Newsline: Latvia’s Foreign Minister Asks US Embassy to Quit Using Russian Language

Latvia’s Minister of Foreign Affairs Edgar Rinkevics has called for the US embassy to stop using Russian language in social media. Rinkevics said he understands that the information should be transmitted in different languages for more people to be able to understand it. However, using both Latvian and Russian languages in one and the same post on Twitter or Facebook “does more harm than good” as it makes it seem like the Baltic state has two official languages. In a 2012 referendum Latvians rejected the option of making Russian the country’s second official language. The minister believes that posts written in two languages “informally legitimize” what the nation had voted against. Rinkevics noted that he doesn’t mind if the same information is transmitted in different languages, if separately. The US embassy responded by promising to make adjustments to its style of communicating via social media. Press-attaché Leslie Goodman said that the embassy wants the information about the US to reach the widest possible audience in Latvia and therefore will continue using Russian, but more carefully.


Newsline: The Embassy of Latvia in Korea is now open

The Embassy of the Republic of Latvia has begun operations in Seoul, the capital of the Republic of Korea. The Embassy will be promoting political and economic dialogue between Latvia and Korea especially in support of Latvian businesses and cooperation with potential Korean investors, thereby facilitating access to third country markets in Asia, according to the Latvian MFA. The Ambassador of Latvia to the Republic of Korea, Normans Penke, resides in Tokyo, Japan, and the Embassy is headed by Chargé d’Affaires Oļegs Iļģis.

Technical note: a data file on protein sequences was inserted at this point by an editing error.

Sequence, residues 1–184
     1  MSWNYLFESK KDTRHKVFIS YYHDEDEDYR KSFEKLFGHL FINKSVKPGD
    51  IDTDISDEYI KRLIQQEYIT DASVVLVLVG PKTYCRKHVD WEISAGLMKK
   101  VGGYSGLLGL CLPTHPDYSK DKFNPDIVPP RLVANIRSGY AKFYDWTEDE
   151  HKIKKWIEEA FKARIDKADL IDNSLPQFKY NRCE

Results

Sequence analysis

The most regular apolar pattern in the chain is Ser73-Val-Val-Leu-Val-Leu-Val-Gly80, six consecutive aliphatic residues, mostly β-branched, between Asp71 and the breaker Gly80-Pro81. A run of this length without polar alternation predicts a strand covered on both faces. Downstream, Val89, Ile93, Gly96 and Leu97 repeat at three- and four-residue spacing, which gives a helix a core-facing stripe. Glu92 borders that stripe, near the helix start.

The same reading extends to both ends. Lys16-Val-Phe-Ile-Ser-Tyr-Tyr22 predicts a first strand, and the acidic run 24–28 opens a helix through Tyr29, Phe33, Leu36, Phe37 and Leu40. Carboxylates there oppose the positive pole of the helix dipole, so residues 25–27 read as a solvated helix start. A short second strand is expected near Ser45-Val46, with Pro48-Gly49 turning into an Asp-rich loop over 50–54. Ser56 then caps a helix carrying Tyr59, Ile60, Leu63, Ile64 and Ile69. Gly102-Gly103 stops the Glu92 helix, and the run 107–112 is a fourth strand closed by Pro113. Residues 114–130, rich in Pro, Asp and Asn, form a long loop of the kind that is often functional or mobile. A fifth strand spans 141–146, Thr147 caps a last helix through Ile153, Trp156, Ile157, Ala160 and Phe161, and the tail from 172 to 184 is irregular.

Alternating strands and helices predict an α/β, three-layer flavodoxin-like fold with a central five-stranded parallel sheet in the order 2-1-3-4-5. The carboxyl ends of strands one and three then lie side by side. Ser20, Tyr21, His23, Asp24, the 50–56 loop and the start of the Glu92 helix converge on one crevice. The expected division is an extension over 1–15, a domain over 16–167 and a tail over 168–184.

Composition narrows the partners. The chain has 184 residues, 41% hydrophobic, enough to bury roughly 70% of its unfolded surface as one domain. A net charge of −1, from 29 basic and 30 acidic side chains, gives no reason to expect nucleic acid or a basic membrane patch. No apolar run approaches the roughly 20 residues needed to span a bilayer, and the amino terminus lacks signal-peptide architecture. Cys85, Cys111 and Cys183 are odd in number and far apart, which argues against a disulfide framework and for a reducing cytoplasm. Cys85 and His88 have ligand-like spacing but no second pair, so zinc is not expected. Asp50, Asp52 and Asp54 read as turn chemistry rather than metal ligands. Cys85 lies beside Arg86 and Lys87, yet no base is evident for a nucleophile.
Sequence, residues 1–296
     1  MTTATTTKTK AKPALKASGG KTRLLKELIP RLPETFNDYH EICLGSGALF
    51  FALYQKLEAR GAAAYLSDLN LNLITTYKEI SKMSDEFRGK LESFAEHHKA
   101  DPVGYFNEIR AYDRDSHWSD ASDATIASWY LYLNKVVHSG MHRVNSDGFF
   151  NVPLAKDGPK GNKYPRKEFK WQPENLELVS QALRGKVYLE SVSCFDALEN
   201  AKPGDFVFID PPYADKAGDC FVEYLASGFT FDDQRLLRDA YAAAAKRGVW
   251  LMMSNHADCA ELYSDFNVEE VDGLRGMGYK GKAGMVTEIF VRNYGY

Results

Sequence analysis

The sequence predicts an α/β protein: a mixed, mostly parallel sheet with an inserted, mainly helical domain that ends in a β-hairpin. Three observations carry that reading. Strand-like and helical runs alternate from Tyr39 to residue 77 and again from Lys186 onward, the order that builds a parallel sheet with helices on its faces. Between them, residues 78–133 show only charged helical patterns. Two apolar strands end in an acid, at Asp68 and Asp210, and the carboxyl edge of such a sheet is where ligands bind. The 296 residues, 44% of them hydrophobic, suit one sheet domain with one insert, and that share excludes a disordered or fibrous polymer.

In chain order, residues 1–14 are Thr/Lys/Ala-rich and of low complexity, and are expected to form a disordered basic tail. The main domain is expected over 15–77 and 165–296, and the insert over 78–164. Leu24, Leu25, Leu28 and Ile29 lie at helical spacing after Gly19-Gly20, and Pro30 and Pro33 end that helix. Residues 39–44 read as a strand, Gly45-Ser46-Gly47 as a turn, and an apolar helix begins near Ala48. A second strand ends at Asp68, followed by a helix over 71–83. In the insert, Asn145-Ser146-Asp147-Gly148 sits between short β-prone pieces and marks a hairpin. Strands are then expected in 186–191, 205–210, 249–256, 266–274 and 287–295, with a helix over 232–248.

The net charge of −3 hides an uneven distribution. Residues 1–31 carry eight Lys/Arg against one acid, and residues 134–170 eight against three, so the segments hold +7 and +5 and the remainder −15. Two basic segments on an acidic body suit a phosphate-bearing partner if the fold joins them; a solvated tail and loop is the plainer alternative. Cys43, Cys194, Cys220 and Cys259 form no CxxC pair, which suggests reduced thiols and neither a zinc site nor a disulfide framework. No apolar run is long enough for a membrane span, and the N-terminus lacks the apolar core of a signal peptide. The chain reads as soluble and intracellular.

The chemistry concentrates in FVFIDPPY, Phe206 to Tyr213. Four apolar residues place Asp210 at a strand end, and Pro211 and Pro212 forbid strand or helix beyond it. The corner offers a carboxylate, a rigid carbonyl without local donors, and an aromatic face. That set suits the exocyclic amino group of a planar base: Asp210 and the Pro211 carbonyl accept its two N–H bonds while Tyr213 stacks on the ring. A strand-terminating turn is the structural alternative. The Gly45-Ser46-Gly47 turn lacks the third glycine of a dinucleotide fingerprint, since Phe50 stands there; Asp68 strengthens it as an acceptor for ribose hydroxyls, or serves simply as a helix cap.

Newsline: Switzerland represents Latvia in Kyrgyzstan

From December 1, Kyrgyz citizens and foreign nationals with a residence permit in the Kyrgyz Republic may apply the Swiss Embassy in Bishkek for a Schengen visa for a trip to Latvia, the embassy of the country reported. An application for a national visa must be submitted to the Embassy of Latvia in Astana (Kazakhstan). The Swiss Embassy in Bishkek issues visas to Switzerland, Poland, Slovenia and Estonia.


Newsline: Poland, Latvia Summon Russian Ambassadors

The Polish Foreign Ministry summoned the Russian ambassador to protest remarks by Russian nationalist politician Vladimir Zhirinovsky. Speaking on state Rossiya 24 television last week, Zhirinovsky said that Poland and the Baltic states would be “wiped out” should a war break out between Russia and the West. Polish Foreign Minister Radoslav Sikorski said the remarks were “scandalous.” He said Zhirinovsky, a lawmaker and the leader of the Liberal Democratic Party, “is neither a backbencher nor a private person.” Zhirinovsky is known for his outrageous comments. Latvia’s Foreign Ministry also summoned Russian Ambassador to Latvia Alexander Veshnyakov after a politician in Russia said the Baltics and Poland would be ‘annihilated.’ But Ambassador Veshnyakov said Zhirinovsky’s views did not mirror Russia’s official stance on the issue.